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Black Lenses, Black Voices

African American Film Now

Author: Mark A. Reid

Publisher: Rowman & Littlefield

ISBN: 9780742526426

Category: Performing Arts

Page: 136

View: 4713

Black Lenses, Black Voices is a provocative look at films directed and written_and sometimes produced_by African Americans, as well as black-oriented films whose directors or screenwriters are not black. Mark Reid shows how certain films dramatize the contemporary African American community as a politically and economically diverse group, vastly different from film representations of the 1960s. Taking us through the development of African American independent filmmaking before and after World War II, he then illustrates the unique nature of African American family, action, horror, female-centered, and independent films, such as Eve's Bayou, Jungle Fever, Shaft, Souls of Sin, Bones, Waiting to Exhale, Monster's Ball, Sankofa, and many more.
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Divas on Screen

Black Women in American Film

Author: Mia Mask

Publisher: University of Illinois Press

ISBN: 0252091825

Category: Performing Arts

Page: 320

View: 500

This insightful study places African American women's stardom in historical and industrial contexts by examining the star personae of five African American women: Dorothy Dandridge, Pam Grier, Whoopi Goldberg, Oprah Winfrey, and Halle Berry. Interpreting each woman's celebrity as predicated on a brand of charismatic authority, Mia Mask shows how these female stars have ultimately complicated the conventional discursive practices through which blackness and womanhood have been represented in commercial cinema, independent film, and network television. Mask examines the function of these stars in seminal yet underanalyzed films. She considers Dandridge's status as a sexual commodity in films such as Tamango, revealing the contradictory discourses regarding race and sexuality in segregation-era American culture. Grier's feminist-camp performances in sexploitation pictures Women in Cages and The Big Doll House and her subsequent blaxploitation vehicles Coffy and Foxy Brown highlight a similar tension between representing African American women as both objectified stereotypes and powerful, self-defining icons. Mask reads Goldberg's transforming habits in Sister Act and The Associate as representative of her unruly comedic routines, while Winfrey's daily television performance as self-made, self-help guru echoes Horatio Alger narratives of success. Finally, Mask analyzes Berry's meteoric success by acknowledging the ways in which Dandridge's career made Berry's possible.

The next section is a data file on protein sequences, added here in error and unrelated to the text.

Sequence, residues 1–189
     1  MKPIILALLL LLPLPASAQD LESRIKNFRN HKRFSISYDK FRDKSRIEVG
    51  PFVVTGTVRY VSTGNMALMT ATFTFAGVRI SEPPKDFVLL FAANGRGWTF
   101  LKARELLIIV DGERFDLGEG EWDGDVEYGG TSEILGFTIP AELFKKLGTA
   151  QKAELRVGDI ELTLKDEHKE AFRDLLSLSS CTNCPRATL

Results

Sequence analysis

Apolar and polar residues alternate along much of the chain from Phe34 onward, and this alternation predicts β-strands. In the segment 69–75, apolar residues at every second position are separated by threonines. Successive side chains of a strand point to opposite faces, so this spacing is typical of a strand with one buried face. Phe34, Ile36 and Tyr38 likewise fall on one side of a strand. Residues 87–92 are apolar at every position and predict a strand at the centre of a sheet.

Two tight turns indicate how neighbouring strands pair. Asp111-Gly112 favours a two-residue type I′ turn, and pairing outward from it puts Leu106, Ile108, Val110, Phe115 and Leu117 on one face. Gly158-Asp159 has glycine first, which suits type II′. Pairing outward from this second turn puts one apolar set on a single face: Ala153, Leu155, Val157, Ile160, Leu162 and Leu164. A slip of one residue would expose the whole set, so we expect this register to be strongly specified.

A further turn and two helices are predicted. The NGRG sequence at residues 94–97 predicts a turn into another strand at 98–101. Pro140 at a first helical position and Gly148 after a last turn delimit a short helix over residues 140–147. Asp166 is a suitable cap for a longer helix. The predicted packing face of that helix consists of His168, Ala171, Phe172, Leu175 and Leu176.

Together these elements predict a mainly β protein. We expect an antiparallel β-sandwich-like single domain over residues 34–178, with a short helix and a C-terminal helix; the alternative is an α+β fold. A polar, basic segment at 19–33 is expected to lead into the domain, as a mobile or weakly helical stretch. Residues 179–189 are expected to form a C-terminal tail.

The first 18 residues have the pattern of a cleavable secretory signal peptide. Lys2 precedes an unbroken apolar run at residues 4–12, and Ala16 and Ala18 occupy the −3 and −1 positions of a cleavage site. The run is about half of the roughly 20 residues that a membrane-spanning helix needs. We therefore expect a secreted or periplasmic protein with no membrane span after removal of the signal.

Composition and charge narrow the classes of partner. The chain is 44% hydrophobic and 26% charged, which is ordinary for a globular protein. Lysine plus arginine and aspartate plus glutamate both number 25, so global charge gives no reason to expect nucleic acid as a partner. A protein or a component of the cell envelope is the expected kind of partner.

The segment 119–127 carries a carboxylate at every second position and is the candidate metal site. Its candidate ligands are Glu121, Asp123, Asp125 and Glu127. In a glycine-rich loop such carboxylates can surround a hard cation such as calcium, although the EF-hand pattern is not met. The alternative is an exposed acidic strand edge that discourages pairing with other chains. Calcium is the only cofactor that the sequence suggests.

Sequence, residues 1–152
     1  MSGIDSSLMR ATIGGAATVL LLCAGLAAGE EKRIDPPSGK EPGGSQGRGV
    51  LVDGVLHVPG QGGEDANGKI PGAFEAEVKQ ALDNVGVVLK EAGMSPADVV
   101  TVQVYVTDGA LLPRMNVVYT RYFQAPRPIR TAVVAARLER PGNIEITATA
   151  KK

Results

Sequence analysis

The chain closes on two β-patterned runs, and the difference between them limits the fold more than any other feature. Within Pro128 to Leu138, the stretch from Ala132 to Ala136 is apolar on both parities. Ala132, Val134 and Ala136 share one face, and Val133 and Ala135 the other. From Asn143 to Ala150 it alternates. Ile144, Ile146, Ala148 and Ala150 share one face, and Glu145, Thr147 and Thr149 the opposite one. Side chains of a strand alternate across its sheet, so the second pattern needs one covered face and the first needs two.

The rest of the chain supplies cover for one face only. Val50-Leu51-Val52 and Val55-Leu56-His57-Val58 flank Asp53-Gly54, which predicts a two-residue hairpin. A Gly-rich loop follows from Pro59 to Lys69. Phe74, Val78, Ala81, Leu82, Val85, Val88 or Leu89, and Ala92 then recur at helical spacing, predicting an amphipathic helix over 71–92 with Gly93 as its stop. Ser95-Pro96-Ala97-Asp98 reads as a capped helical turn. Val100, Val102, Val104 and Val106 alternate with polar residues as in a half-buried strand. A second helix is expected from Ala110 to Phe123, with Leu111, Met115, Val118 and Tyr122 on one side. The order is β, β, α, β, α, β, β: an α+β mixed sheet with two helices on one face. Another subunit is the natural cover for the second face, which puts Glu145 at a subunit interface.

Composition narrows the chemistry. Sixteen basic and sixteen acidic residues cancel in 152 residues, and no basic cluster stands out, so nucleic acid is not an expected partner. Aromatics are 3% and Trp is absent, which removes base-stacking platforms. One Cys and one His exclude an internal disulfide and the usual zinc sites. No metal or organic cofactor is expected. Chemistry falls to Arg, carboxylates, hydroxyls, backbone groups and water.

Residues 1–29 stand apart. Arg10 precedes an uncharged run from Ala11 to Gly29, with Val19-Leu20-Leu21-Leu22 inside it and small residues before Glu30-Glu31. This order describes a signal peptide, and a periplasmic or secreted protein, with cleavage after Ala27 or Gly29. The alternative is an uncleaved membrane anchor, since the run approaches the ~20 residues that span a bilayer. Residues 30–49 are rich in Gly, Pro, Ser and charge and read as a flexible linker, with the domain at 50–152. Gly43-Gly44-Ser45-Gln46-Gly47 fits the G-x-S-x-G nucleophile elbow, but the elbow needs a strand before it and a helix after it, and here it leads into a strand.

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Black Directors in Hollywood

Author: Melvin Donalson

Publisher: University of Texas Press

ISBN: 0292782241

Category: Performing Arts

Page: 389

View: 3978

Hollywood film directors are some of the world's most powerful storytellers, shaping the fantasies and aspirations of people around the globe. Since the 1960s, African Americans have increasingly joined their ranks, bringing fresh insights to movie characterizations, plots, and themes and depicting areas of African American culture that were previously absent from mainstream films. Today, black directors are making films in all popular genres, while inventing new ones to speak directly from and to the black experience. This book offers a first comprehensive look at the work of black directors in Hollywood, from pioneers such as Gordon Parks, Melvin Van Peebles, and Ossie Davis to current talents including Spike Lee, John Singleton, Kasi Lemmons, and Carl Franklin. Discussing 67 individuals and over 135 films, Melvin Donalson thoroughly explores how black directors' storytelling skills and film techniques have widened both the thematic focus and visual style of American cinema. Assessing the meanings and messages in their films, he convincingly demonstrates that black directors are balancing Hollywood's demand for box office success with artistic achievement and responsibility to ethnic, cultural, and gender issues.
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The Anatomy of Blackness

Science and Slavery in an Age of Enlightenment

Author: Andrew S. Curran

Publisher: JHU Press

ISBN: 1421401509

Category: History

Page: 310

View: 1651